1H-13C and 19F-13C cross polarization (CP) and 1H direct polarization (DP) magic angle spinning (MAS) solid-state nuclear magnetic resonance (SSNMR) spectra were collected on a Varian (Model: NMRS 500, 11.7 T) spectrometer operated at 125.62 MHz for 13C and using a Varian narrow-bore triple-resonance T3 MAS NMR probe. Samples were packed into 4 mm zirconia rotors and spun at 10 kHz. The 13C and 1H chemical shifts were referenced to hexamethylbenzene (17.3 ppm; methyl) and adamantane (1.76 ppm). The 1H-13C and 19F-13C CP/MAS data were collected under continuous wave (CW) proton and TPPM fluorine decoupling, respectively. A 90° pulse width of 4 μs was used for all nuclei. Recycle delays of 2, 2.5 and 1 s were used for 1H-13C CP, 19F-13C CP and 1H DP experiments with contact times of 3.5 and 1.5 ms for the 1H-13C and 19F-13C CP experiments. For the 1H spectra, 32 transients were collected. Samples of neat Nafion-acid and impregnated membrane were stored in a dessicator and only exposed to ambient atmosphere while loading. The membranes were cut into a rectangular shape and rolled to fit into the rotors.
Fourier transform infrared (FTIR) spectra were collected in the attenuated total reflected mode (ATR) on a Nicolet 380 (Thermo Scientific) spectrometer with an average of 32 scans and a spectral resolution of 4 cm−1 at ~100 °C. Prior to the spectra collection, the membrane samples were equilibrated at 100 °C for about 10 min to eliminate possible moisture absorption.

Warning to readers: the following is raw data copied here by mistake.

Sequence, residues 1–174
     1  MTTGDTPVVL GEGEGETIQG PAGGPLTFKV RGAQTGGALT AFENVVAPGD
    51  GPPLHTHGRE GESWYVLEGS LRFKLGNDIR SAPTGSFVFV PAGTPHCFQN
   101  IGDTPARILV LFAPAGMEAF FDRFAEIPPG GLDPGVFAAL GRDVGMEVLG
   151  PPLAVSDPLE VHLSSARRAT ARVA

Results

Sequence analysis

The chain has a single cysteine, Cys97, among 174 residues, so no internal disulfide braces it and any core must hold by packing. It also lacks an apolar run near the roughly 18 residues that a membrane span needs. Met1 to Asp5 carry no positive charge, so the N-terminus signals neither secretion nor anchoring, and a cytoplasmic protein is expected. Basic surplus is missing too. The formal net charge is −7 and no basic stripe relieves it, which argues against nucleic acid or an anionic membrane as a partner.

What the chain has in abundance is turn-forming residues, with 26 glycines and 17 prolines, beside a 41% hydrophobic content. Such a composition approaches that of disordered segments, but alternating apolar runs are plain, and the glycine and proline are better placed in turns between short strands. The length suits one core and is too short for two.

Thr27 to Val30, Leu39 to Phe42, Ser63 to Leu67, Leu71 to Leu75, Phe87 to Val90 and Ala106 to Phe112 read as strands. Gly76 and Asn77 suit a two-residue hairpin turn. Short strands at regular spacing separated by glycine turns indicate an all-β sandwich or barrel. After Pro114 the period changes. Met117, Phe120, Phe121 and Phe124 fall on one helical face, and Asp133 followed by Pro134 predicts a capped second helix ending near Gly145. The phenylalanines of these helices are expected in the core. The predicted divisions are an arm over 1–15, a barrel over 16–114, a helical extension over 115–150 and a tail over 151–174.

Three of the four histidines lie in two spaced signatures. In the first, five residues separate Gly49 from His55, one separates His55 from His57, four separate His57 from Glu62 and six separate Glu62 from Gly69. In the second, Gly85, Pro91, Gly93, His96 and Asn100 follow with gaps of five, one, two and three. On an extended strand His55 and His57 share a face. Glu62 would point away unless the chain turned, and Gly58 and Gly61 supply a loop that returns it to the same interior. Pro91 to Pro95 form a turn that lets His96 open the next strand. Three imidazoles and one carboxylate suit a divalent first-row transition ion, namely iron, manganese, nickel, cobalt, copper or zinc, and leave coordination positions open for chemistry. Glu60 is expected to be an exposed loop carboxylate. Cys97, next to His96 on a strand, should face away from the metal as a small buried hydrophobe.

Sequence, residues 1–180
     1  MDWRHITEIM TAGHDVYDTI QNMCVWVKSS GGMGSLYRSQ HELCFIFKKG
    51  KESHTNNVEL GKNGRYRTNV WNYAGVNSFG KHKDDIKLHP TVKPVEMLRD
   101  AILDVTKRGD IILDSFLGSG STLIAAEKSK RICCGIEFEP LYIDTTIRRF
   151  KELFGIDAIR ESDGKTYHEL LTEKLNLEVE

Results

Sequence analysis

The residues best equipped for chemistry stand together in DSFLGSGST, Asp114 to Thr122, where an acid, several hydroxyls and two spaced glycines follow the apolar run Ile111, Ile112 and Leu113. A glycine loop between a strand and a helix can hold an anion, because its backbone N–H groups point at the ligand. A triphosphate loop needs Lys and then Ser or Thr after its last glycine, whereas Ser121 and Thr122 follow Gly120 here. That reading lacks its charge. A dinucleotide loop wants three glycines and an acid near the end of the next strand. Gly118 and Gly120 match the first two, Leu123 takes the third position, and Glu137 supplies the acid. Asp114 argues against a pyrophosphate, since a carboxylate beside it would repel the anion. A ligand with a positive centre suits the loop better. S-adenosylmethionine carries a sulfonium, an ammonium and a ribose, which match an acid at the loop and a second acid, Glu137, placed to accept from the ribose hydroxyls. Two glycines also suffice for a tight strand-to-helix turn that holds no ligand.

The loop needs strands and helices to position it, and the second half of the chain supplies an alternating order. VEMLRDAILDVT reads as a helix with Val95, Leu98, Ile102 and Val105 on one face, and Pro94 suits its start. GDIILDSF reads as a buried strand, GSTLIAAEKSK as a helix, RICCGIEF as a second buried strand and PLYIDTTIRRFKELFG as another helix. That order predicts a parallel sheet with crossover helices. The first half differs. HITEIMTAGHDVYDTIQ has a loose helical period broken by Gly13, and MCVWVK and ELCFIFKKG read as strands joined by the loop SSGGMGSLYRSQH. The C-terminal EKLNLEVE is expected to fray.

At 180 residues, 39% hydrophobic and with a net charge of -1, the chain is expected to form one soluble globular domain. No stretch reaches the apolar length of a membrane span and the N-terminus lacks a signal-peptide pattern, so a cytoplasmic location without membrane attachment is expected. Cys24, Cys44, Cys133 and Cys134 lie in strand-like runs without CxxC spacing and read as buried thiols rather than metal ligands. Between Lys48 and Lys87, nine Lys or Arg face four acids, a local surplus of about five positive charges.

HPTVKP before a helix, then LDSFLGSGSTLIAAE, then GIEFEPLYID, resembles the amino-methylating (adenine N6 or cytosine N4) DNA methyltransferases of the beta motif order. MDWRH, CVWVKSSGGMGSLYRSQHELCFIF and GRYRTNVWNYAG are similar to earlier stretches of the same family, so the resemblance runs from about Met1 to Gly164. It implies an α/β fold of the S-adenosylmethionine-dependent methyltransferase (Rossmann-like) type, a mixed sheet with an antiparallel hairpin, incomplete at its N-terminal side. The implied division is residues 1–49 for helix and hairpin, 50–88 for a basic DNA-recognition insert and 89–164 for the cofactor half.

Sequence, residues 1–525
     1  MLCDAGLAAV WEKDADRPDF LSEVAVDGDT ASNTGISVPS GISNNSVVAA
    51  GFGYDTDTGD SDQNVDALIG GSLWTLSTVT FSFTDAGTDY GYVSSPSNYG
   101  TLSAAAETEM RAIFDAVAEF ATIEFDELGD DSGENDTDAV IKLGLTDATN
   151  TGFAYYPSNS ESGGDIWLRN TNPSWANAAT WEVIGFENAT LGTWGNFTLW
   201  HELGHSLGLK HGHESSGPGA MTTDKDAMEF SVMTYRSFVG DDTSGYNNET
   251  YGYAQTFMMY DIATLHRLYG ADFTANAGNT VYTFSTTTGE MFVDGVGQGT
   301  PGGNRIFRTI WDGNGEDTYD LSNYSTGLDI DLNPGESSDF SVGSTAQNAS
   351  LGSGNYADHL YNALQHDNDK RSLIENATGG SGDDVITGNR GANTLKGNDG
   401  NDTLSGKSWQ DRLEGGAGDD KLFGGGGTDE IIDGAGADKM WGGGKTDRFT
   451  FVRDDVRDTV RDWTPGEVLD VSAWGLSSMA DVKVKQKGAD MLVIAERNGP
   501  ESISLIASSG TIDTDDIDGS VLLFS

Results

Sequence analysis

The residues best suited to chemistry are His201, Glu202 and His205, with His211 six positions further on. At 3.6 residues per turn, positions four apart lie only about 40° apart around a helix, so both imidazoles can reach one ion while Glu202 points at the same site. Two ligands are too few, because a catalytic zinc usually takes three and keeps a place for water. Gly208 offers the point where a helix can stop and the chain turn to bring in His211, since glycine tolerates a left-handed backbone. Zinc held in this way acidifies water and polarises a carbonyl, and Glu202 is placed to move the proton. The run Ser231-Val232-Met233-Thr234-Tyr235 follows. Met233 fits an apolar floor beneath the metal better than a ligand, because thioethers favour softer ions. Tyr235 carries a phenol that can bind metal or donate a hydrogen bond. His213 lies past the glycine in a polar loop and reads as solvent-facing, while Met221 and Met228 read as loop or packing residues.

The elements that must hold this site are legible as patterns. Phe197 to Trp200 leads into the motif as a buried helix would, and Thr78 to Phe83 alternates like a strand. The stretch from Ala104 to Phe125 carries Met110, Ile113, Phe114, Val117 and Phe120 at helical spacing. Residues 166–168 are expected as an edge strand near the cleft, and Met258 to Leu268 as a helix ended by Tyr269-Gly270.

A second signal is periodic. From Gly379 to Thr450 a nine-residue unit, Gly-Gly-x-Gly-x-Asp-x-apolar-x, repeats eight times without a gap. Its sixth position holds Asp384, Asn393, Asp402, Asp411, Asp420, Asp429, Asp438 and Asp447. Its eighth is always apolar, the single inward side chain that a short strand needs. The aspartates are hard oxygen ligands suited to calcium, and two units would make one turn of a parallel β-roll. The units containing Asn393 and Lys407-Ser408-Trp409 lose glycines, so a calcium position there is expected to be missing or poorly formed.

Quantification of the estimated amount of HBPEAc-COOH in the impregnated membranes was done by integrating the area under the FTIR curves within the wavenumber ranges of 1,670–1,770 cm−1 and 1,550–1,450 cm−1, which correspond to the carbonyl group and C=C aromatic stretching peaks, respectively. The area under the FTIR absorption peak was normalized by that of pure HB polyester. The estimated amount of HB polyester was calculated by multiplying the percentage of HBPEAc-COOH present in membrane with the initial amount in feed and can be calculated using Equations (1) and (2) as described below;
Prior to the water uptake measurements, neat Nafion and HBPEAc-COOH impregnated Nafion membranes were dried in a vacuum oven until a constant weight was reached, which was taken as the mass in the dry state. All membranes were immersed in 10 mL deionized water at room temperature and equilibrated for 72 h for water uptake measurements. Membranes were then removed and blotted with dry tissue papers (Kimwipes) and the mass in wet state was recorded. Water uptake in percentage and the number of water molecules per mole of sulfonic group, λ, can be determined using Equations (3) and (4) as follows;